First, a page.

Ensure that you’re working with a reputable breeder. The breeder should answer your questions to your satisfaction, be willing to have you visit the parent dogs, and provide proof of health tests. Good Pembroke Welsh Corgi breeders should also be interested in your circumstances, to make sure that you will be a good fit for the puppy.
We absolutely recommend that you avoid backyard breeders, puppy mills, and pet stores. None of these have the best interests of the puppies at heart.
For more information, check out our puppy search guide.
Pembroke Welsh Corgi Price
So what’s the average Pembroke Welsh Corgi price?
Well, it may differ depending on what area you’re in and how much of a demand there is locally. You can also expect to pay more for show quality dogs, and for well established breeders.
Raising A Pembroke Welsh Corgi Puppy
Raising a puppy of any breed isn’t the easiest or simplest thing. In fact, it’s a big responsibility to care for a vulnerable puppy!
Thankfully, there is plenty of expert guidance out there to help with all aspects of puppy care and training. Take a look at our puppy training page here for more specifics.
Popular Pembroke Welsh Corgi Breed Mixes
Corgis make for a popular mixed breed option! Here are some interesting mixes that you may be intrigued by.
Comparing The Pembroke Welsh Corgi With Other Breeds
The most natural breed to compare to the Pembroke Welsh is her Corgi relative, the Cardigan.
Cardigans tend to be a little taller and heavier than the Pembroke. They also have less of the “foxy” appearance, though their ears are still large and wide-set. The personality of the two is similar, though Cardigan Welsh Corgis can be a little more aloof and a bit more difficult to train.
Take a look at our in-depth comparison of the two here.
Are you looking for other small, adorable breeds to consider?
These others are definitely worthy of your time and interest.
Pros And Cons of Getting A Pembroke Welsh Corgi
- Prone to several health problems
- May have joint issues
- Can show herding instincts
- Tends to bark
Pembroke Welsh Corgi Products And Accessories
Ready to trick out your new puppy? Here are some essentials.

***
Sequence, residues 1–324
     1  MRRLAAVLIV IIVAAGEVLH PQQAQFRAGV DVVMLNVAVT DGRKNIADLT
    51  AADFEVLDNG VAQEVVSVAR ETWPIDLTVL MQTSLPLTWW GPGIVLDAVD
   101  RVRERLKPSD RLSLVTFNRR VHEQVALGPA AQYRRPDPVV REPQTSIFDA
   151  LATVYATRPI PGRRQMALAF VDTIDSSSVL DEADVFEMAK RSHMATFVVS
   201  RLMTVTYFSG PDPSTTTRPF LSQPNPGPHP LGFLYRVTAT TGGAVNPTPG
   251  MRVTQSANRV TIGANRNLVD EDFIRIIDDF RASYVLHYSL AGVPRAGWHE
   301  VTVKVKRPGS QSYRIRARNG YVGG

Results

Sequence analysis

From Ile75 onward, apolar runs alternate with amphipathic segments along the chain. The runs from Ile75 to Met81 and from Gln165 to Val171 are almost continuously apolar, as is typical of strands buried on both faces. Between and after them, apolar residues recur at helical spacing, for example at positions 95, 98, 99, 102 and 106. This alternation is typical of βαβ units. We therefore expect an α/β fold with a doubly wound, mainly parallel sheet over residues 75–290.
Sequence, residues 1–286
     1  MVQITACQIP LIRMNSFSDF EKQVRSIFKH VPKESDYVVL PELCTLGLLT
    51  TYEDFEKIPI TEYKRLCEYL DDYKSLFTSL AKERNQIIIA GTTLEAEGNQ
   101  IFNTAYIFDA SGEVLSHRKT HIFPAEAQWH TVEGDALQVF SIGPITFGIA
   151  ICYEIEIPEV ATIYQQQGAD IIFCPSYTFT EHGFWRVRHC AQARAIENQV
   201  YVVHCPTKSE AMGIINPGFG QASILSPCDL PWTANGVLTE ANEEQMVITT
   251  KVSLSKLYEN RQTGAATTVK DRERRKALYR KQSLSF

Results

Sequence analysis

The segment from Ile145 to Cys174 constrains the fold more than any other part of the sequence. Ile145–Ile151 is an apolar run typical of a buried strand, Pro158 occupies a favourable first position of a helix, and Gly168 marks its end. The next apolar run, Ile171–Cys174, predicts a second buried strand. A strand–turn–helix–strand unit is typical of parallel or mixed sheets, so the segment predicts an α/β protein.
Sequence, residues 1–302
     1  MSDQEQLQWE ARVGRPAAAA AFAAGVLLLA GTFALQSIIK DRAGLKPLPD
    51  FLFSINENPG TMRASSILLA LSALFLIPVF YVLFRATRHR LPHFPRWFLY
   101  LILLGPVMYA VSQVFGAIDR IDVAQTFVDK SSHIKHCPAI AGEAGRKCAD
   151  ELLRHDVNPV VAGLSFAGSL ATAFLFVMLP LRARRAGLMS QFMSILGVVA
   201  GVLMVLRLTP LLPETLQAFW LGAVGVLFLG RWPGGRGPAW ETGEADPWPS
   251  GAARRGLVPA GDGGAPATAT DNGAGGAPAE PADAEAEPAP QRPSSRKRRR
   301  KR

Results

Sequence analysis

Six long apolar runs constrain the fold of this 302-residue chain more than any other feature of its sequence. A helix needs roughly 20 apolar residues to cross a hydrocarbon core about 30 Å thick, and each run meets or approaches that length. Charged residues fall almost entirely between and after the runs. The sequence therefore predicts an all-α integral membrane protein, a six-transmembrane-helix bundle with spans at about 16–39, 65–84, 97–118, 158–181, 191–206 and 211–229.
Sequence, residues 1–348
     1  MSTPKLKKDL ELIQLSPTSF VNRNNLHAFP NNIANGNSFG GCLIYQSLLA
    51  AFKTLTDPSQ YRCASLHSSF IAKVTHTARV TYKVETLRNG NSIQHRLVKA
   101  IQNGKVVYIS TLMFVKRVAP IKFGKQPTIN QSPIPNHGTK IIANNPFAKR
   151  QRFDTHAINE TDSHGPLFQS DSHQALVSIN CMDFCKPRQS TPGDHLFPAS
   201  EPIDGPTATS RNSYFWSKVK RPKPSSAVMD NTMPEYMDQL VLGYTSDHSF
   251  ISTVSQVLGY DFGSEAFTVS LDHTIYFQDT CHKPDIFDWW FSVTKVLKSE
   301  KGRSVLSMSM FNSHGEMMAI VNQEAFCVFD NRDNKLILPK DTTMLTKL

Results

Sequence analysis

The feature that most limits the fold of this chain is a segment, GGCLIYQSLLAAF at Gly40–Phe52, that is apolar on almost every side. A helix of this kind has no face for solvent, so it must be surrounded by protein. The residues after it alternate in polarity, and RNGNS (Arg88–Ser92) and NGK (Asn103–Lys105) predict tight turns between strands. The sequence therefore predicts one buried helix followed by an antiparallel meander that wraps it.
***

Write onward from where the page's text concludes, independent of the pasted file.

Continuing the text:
Pembroke Welsh Corgi Rescues
There are several Pembroke Welsh Corgi rescues dedicated to this breed. Here are some that we have found. But if you come across any others, please leave us a comment and let us know!
References And Resources
- Adams, V. J. et al (2010). Methods and mortality results of a health survey of purebred dogs in the UK. Journal of Small Animal Practice, 51.
- Coates, J. R. et al (2008). Clinical characterization of a familial degenerative myelopathy in Pembroke Welsh Corgi Dogs. Journal of Veterinary Internal Medicine, 21.
- Ekenberg, V. Genetic parameters affecting leg length, leg weakness, hip- and elbow conformation in domesticated dogs, in comparison with pigs. Sveriges lantbruksuniversitet.
- Karbe, G. T. et al (2012). Radiographic hip joint phenotype of the Pembroke Welsh Corgi. Veterinary Surgery, 41.
- Kolm, U. S. et al (2006). Plexogenic pulmonary arteriopathy in a Pembroke Welsh Corgi. Journal of Small Animal Practice, 45.
- Marks, C. A. (1993). Hypertrophic cardiomyopathy in a dog. Journal of the American Medical Association, 203.
- Moore, F. M. and Thornton, G. W. (1983). Telangiectasia of Pembroke Welsh Corgi Dogs. Veterinary Pathology, 20.
- Pembroke Welsh Corgi Club of America, Inc. Genetics and Health Issues.
- Peterson-Jones, S. (2006). Advances in the molecular understanding of canine retinal diseases. Journal of Small Animal Practice, 46.
- Szabo, S. D. et al (2007). Evaluation of a circumferential femoral head osteophyte as an early indicator of osteoarthritis characteristic of canine hip dysplasia in dogs. Journal of the American Veterinary Medical Association, 231.
- The Kennel Club. Report from the Kennel Club British Small Animal Veterinary Association Scientific Committee: Summary results of the purebred dog health survey for the Welsh Corgi Pembroke breed.
- Woody, B. J. (1992). Clinical approach to the diagnosis of diseases and disorders in pets and domestic animals sometimes mistaken for anticoagulant toxicosis. Proceedings of the Fifteenth Vertebrate Pest Conference.
This article has been revised and updated for 2019.